8. Oh and will that power supply also work well with an i5 if/when I upgrade?
  9. The HD 4000 won't matter when you wind up with an actual GPU installed. It's nice, and there's no reason to not get the i3-3225 if it is cheaper. Go right ahead and get it. As for if the i3 will hold you back, probably not to a great degree. You may lose a couple FPS, but honestly, just don't have Anti-Aliasing at anything higher than a x4 and see how it runs. If it's fine, try it at x8. I wouldn't suggest any higher (you'd want a 2GB graphic card instead of a 1GB for really high anti-aliasing). It is only a dual core CPU with hyperthreading, so it'll act as if it has four cores (but only has two physical cores). It's likely not as good as an AMD FX CPU when it comes to dealing with photoshop or 3D rendering, but it isn't terrible.

    The PSU will still work well. The main thing about a PSU is being able to run a graphic card- that's the part that draws a lot of power. Most Intel CPUs require 95w or less from a PSU (from the i3 and i5 line, that is), while the GPU you'll be running requires... what, 130-180w or so, I think? More, if you wind up overclocking in the future. You won't be able to SLI/Crossfire at all, but honestly, you couldn't afford that with your budget right now anyway. Whatever PSU you get, try to make sure it's an '80 PLUS Bronze.' They are quite efficient and should be able to provide enough power to let you do what you're wanting to do with your build.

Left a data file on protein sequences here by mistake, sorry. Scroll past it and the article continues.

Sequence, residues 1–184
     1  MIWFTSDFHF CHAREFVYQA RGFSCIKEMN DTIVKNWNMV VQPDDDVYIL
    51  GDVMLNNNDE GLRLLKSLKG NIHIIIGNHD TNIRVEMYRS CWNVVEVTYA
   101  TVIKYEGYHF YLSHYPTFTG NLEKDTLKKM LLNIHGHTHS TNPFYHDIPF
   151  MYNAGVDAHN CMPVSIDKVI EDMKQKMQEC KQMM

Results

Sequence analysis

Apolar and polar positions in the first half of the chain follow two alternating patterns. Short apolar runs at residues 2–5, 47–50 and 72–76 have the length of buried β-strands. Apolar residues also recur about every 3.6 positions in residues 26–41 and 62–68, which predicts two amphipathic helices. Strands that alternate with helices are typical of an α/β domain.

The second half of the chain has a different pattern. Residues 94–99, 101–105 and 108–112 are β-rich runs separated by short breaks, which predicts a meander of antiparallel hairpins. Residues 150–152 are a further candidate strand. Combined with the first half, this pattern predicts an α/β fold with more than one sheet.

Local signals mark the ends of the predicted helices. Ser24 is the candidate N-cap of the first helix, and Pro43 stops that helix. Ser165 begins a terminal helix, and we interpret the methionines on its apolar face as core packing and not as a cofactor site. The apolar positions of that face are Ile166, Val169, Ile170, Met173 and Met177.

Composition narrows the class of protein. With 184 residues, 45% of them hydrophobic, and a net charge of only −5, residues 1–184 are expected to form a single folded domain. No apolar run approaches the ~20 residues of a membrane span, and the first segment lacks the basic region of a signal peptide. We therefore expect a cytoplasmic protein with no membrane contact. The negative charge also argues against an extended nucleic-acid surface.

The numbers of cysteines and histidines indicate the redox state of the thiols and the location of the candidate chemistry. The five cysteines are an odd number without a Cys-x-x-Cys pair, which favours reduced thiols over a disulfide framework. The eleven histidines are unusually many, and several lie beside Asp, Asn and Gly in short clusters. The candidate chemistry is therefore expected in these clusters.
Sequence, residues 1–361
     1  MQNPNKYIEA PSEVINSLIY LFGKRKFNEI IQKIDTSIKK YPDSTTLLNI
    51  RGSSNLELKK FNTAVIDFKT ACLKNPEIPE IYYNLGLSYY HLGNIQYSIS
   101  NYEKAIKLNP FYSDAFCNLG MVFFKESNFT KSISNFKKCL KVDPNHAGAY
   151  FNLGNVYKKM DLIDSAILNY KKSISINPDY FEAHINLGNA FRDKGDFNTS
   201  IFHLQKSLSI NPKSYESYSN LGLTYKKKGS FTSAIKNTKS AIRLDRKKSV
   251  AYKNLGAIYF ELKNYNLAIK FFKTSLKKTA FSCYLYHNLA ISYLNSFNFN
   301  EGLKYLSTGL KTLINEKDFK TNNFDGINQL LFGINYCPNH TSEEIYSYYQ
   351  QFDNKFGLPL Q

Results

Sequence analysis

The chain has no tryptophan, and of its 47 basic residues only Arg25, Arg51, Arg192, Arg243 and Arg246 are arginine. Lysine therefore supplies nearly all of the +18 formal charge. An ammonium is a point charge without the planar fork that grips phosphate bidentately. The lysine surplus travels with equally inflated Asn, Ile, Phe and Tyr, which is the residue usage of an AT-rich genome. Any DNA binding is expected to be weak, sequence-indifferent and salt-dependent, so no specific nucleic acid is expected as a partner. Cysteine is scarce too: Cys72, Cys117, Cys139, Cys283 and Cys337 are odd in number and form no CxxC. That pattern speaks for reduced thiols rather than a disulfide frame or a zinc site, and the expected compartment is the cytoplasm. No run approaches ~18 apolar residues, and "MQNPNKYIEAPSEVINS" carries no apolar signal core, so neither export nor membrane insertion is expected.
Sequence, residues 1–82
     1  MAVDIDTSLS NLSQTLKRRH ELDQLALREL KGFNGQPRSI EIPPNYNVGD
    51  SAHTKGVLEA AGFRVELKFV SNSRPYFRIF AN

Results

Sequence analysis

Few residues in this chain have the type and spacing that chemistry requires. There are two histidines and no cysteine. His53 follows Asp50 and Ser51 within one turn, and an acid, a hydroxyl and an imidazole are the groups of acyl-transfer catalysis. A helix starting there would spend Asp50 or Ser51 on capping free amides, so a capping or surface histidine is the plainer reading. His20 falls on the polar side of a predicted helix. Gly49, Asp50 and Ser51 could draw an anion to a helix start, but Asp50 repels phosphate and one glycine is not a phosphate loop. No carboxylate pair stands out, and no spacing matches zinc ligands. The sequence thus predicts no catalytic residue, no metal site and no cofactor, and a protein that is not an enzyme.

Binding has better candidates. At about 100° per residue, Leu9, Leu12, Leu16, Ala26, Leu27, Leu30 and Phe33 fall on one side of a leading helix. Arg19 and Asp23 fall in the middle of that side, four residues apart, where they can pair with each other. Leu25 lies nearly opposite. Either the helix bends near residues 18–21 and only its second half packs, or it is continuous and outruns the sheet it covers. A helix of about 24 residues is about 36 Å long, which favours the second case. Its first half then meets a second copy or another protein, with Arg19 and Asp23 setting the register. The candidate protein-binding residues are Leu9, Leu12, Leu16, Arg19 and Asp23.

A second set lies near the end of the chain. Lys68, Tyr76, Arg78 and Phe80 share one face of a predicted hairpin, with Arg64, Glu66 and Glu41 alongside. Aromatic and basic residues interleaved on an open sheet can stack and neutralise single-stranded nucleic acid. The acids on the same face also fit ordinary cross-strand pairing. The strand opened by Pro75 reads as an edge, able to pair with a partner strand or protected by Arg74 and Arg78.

10. CPU: Intel Core i5-2500K 3.3GHz Quad-Core Processor ($199.99 @ Newegg)
    Motherboard: EVGA 120-SB-E672-KR Micro ATX LGA1155 Motherboard ($54.99 @ Newegg)
    Memory: G.Skill Value Series 8GB (1 x 8GB) DDR3-1333 Memory ($32.99 @ Newegg)
    Storage: Western Digital Caviar Blue 1TB 3.5" 7200RPM Internal Hard Drive ($69.99 @ NCIX US)
    Video Card: PNY GeForce GTX 660 Ti 2GB Video Card ($249.99 @ Newegg)
    Case: Fractal Design Core 1000 MicroATX Mini Tower Case ($39.99 @ Amazon)
    Power Supply: Logisys 575W ATX12V Power Supply ($31.65 @ Compuvest)
    Optical Drive: Lite-On iHAS124-04 DVD/CD Writer ($17.89 @ Outlet PC)
    Total: $697.48
    (Prices include shipping, taxes, and discounts when available.)

    This will easily be able to max out any modern game. Much better than the previous builds posted here.
  11. What if I forked up enough for an i5? Which i5 would be a good alternative for the mobo, or would I have to replace that too?
    I honestly don't think I'm going to max everything out. I'm good with like 30fps for most games as 60fps gives me motion sickness. Especially with games like Borderlands 2.
    I don't want anything drastically insane when it comes to 3-D rendering and Photoshop, but I want to be able to draw at at least 600dpi without lag. AutoCAD already lags on the outdated laptop I'm using, so as long as lag goes away I'm good.

    SLI/Crossfire is where there is more than one GPU right? You're saying I won't be able to have the option available with this PSU?


    You forgot the monitor. That'll go way over the budget! xD
    Though the $500 budget PC in your sig looks promising to me, but what do I know.

    EDIT: There is an i5 3470 that's $30 more than the i3, and it's cheaper than the 2500k Pingypoker mentioned on the Microcenter site.
    I don't know if it's any good because it has 3.2 ghz compared to the i3 that has 3.3. Do quad-cores do hyperthreading as well?
  12. For SLI/Crossfire (more than one graphic card), I would recommend something like a 700 or 750w PSU. Brand recommendations remain the same, however.